Pew: Philadelphia's Middle Class Now More Stable and Diverse but Frustrations Remain

Navigate to:

Pew: Philadelphia's Middle Class Now More Stable and Diverse but Frustrations Remain

New analysis of U.S. Census Bureau data by The Pew Charitable Trusts shows that Philadelphia's middle-class population has stabilized at approximately 42 percent of total residents after a prolonged period of decline.  In addition, a poll conducted by Pew found that today's middle-class Philadelphians often feel neglected by city government, and frustrated by city taxes and the quality of the school system.

Key shifts in the nature of the middle-class population in Philadelphia described in the report, Philadelphia's Changing Middle Class: After Decades of Decline, Prospects for Growth, include:

  • Population Stabilization:  Over the past four decades, as Philadelphia's overall population fell by nearly 22 percent, the city lost more than 4 in 10 of its middle-class adults.  However, data shows that the city's middle class, as defined by an income ranging from $41,258 to $123,157, has remained essentially stable since 2000 while the makeup of that population has continued to grow more diverse. 
  • Racial Diversity:  In 1970, 74 percent of the adults living in middle-class households in the city were white and 26 percent were black.  In 2010, the makeup was 54 percent white, 42 percent black and 4 percent Asian/other. (In this data, Hispanics are counted as whites, blacks, or members of other racial groups.)
  • Education:  Thirty-five percent of the city's middle class have college or graduate degrees and only 8 percent lack high school diplomas.  In comparison, in the 1970s, only 8 percent had attended college and 44 percent did not have high school diplomas.
  • Careers and Income:  Over the 40 years studied, middle-class Philadelphians have shifted into jobs in finance and other business and professional services.  Now more than half work in these fields compared to 28 percent in the 1970s.  And the percentage working in manufacturing and construction fell from 33 percent to 10 percent.
  • Location:  In the beginning of the 1970s, more than 8 in 10 of the city's census tracts, including nearly all of Northeast Philadelphia, were predominantly middle class.  By 2010, just over 3 in 10 fit that description, and they were clustered in the Northeast, the Northwest, and along City Avenue.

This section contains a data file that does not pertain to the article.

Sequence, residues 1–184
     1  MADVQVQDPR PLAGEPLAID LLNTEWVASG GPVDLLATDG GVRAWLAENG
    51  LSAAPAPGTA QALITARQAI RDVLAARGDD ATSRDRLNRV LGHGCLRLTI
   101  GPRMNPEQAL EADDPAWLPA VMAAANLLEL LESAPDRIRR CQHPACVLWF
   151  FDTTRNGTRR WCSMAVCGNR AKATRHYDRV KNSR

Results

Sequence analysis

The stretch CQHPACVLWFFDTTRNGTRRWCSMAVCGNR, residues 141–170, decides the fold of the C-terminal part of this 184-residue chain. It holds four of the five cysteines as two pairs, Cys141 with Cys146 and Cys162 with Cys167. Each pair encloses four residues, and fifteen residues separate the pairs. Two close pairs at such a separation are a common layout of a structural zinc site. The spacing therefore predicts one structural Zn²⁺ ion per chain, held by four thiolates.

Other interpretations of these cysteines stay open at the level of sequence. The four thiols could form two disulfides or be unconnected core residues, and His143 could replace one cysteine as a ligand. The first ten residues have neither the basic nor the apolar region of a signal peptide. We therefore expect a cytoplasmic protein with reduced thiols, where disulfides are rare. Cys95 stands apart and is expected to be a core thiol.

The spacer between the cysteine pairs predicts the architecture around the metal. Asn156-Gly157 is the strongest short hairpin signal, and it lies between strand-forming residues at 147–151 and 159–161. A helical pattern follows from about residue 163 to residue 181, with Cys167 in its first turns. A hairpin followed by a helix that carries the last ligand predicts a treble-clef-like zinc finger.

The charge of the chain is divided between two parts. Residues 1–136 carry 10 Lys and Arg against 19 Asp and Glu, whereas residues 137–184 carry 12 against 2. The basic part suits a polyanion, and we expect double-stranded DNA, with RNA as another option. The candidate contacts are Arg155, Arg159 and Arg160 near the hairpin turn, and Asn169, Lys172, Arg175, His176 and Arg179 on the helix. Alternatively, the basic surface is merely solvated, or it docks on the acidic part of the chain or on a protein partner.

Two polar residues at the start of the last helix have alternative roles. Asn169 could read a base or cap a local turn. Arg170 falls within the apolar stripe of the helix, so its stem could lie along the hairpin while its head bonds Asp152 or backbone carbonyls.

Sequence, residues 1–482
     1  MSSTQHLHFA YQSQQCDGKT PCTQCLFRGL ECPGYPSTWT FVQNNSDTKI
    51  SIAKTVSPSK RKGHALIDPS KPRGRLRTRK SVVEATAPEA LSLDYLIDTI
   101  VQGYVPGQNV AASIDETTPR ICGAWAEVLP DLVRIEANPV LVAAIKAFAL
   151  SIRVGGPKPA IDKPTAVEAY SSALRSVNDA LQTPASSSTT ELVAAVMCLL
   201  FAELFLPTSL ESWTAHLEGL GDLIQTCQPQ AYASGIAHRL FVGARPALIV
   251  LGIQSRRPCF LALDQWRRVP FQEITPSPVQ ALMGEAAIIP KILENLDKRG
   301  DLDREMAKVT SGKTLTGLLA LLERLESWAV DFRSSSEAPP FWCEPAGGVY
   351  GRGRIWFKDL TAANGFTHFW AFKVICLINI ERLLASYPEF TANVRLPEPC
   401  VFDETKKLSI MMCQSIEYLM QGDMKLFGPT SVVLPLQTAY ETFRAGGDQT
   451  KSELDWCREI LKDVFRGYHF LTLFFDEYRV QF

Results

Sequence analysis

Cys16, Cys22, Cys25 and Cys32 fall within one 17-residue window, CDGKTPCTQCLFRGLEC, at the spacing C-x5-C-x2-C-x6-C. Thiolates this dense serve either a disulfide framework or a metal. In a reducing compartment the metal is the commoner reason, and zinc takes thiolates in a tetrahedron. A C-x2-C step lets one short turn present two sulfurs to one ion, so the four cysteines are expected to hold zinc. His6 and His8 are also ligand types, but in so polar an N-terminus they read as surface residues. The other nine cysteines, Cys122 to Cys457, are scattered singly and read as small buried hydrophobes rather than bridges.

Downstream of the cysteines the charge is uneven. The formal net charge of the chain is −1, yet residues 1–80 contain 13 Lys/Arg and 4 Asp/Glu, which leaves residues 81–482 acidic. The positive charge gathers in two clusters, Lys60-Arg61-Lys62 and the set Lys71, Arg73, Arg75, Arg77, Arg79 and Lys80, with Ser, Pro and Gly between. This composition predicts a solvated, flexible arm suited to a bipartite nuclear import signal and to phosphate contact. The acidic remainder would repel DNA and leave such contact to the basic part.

“Economic studies have shown that a vibrant and substantial middle class is a driver for economic and social stability in any community,” said Larry Eichel, the director of Pew's Philadelphia Research Initiative.  “In the midst of budget cuts and tax fatigue, the challenge for Philadelphia is to keep and grow the middle class while still supporting lower-income residents.”

According to Pew's research, Philadelphia's middle-class residents also hold distinct views about the city. In a poll conducted by Pew in July and August 2013, residents who identified themselves as middle class:

  • Gave low marks to the city's school system and supported publicly funded charter schools more than other income groups;
  • Noted their intense dislike of taxes, with many preferring fewer services and lower taxes overall;
  • Prioritized public safety, job creation, and education in terms of the city's top issues and expressed a willingness to leave the city if positive movement is not made on these fronts.
  • Expressed a sense of being neglected by city government, noting their perception that lower or upper classes received more attention from the government.

More information about the report and the data can be found here.



How do Philadelphians define middle class?  Hear residents describe their views in the related video “Defining Philadelphia's Middle Class.”

The Pew Charitable Trusts is driven by the power of knowledge to solve today's most challenging problems. Pew's Philadelphia Research Initiative provides timely, impartial research and analysis on key issues facing Philadelphia for the benefit of the city's citizens and leaders.